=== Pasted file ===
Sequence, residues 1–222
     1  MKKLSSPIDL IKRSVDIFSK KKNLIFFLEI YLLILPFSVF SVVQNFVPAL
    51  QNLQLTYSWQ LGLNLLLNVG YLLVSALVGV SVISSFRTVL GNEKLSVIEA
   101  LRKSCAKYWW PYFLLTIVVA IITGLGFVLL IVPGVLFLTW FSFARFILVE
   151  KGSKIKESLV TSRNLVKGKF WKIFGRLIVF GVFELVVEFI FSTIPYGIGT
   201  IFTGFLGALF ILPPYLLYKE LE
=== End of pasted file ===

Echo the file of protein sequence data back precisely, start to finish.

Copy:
Sequence, residues 1–222
     1  MKKLSSPIDL IKRSVDIFSK KKNLIFFLEI YLLILPFSVF SVVQNFVPAL
    51  QNLQLTYSWQ LGLNLLLNVG YLLVSALVGV SVISSFRTVL GNEKLSVIEA
   101  LRKSCAKYWW PYFLLTIVVA IITGLGFVLL IVPGVLFLTW FSFARFILVE
   151  KGSKIKESLV TSRNLVKGKF WKIFGRLIVF GVFELVVEFI FSTIPYGIGT
   201  IFTGFLGALF ILPPYLLYKE LE